Program development challenges

Although Saudi is a very wealthy nation, it is clearly facing many health-care challenges. It would seem that developing the PA profession and moving them into primary care would be an ideal solution.

But this solution is not without its own set of challenges. The first class of 15 PA students has graduated, five of whom are working as instructors in the PA program, but Ahmed told me about difficulties these practitioners experience obtaining licensing.

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In Saudi Arabia every health-care professional must receive a licensing number that is issued by the Ministry of Health Specialists. The PA program was developed in the Ministry of Defense. As previously mentioned the Ministry of Defense is independent of the Ministry of Health, but all practicing providers must have a licensing number to practice in Saudi Arabia. The Ministry of Health and Ministry of Defense are currently working on this issue of licensure.

There are additional uncertainties about scope of practice for Saudi PAs. Ahmed told me the Ministry of Health and the Ministry of Defense are working together to get a sense of how this new profession will fit into the health-care system before they expand it. Efforts are underway to educate the military hospitals and clinics about this new profession and define scope of practice.

Another challenge is that many students find the English language requirement very difficult. Developing program materials and the texts in Arabic could aid its expansion, as would increasing public awareness about the profession to make people more comfortable seeing a PA for their health-care needs, according to Ahmed.

Developing the PA profession in Saudi Arabia could help the needs posed by increasing incidence of diseases such as diabetes, childhood obesity, hypertension, renal disease, and health-care disparities, Ahmed said.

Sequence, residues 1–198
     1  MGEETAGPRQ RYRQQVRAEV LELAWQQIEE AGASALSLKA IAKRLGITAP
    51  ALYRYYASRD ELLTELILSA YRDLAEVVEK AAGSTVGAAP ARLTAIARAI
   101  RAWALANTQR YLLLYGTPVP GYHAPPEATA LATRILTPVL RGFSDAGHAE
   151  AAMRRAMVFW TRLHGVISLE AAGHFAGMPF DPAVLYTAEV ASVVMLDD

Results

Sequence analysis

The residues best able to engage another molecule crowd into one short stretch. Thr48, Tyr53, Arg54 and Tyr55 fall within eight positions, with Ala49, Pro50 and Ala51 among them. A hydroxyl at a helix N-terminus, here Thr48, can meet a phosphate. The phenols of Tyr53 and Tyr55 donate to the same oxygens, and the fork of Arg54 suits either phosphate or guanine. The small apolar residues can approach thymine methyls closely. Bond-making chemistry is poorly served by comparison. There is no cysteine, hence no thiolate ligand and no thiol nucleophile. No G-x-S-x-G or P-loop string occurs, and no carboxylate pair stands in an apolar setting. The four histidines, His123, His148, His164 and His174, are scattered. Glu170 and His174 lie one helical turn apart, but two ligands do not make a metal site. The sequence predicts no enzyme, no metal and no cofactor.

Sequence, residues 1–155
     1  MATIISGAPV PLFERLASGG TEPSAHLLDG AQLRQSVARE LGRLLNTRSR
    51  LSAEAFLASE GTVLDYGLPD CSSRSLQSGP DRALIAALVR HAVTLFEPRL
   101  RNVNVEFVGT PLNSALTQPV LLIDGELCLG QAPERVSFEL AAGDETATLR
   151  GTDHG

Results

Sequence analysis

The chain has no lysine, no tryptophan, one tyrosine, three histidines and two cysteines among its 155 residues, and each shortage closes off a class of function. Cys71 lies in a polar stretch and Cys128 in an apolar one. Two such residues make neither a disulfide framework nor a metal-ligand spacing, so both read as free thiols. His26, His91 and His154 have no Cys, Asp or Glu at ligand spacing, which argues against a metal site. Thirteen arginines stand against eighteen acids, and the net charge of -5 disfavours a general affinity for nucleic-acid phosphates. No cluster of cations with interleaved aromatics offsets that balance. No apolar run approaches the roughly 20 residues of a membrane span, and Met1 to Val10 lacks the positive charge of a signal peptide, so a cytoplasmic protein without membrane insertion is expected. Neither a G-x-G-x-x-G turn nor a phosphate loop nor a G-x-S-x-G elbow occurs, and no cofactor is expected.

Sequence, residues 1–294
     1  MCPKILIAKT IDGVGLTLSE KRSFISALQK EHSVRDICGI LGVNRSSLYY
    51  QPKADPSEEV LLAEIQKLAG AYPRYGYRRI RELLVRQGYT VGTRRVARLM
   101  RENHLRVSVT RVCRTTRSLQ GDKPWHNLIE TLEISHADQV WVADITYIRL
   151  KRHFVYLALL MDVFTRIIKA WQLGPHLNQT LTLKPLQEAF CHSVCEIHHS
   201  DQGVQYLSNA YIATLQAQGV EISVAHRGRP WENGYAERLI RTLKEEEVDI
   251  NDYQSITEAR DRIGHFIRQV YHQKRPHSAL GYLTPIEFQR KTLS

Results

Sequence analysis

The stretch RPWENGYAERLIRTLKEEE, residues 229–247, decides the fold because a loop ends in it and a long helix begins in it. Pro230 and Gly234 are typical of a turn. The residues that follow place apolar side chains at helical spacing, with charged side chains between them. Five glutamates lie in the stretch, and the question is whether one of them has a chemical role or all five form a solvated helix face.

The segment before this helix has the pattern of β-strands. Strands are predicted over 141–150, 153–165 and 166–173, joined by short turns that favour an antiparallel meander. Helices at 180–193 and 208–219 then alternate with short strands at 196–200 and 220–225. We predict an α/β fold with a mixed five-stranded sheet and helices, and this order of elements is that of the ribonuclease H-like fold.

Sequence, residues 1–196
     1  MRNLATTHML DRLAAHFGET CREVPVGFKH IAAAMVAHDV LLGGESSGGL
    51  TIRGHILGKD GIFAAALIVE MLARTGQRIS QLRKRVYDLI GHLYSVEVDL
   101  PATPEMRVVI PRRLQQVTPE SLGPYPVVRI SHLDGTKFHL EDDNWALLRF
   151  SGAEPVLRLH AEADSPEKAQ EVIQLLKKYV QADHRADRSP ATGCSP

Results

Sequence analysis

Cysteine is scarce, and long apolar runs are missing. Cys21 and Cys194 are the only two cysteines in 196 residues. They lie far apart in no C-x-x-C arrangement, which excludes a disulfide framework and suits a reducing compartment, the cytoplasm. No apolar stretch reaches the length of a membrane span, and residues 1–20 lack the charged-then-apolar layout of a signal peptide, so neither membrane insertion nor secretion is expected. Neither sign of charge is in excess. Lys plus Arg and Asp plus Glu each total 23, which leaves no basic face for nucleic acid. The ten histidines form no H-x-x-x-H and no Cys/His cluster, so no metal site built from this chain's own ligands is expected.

The need for prevention is well appreciated in Saudi Arabia. Health-care centers are the initial point of contact for residents and are well distributed throughout the kingdom with a focus on immunizations and maternal health care.

The health of Saudis has improved dramatically over the years, and part of this can be attributed to a health-care system grounded in primary care.

The government health-care system recognizes the importance of primary care, and it seems developing the physician assistant in primary care would align with their goals.

I am excited to see the progress Saudi Arabia will make in regards to this developing profession. Many countries around the world are facing the same transition from communicable disease to non-communicable disease trends, as we see world-wide obesity rates increase.

Physician assistants and their analogs (clinical officers, medical officers, nurse practitioners just to name a few) are a great solution to these emerging changes in world-wide health care needs. Saudi Arabia is in the midst of a very challenging period, but the development of the PA profession has the potential to have a huge impact on the health of their nation, and we can all learn from the experience. 

Marie Meckel, PA-C, MPH, is a physician assistant who works in Western Massachusetts. She spent a year in South Africa at Walter Sisulu University, where she taught clinical associates. Marie has spent the last year interviewing PAs and NPs, their international equivalents, and American PAs and NPs working abroad.  

Podcast produced by Brianne Aiken, Digital Content Editor, and Nicole BlazekSenior Clinical Content Editor. 


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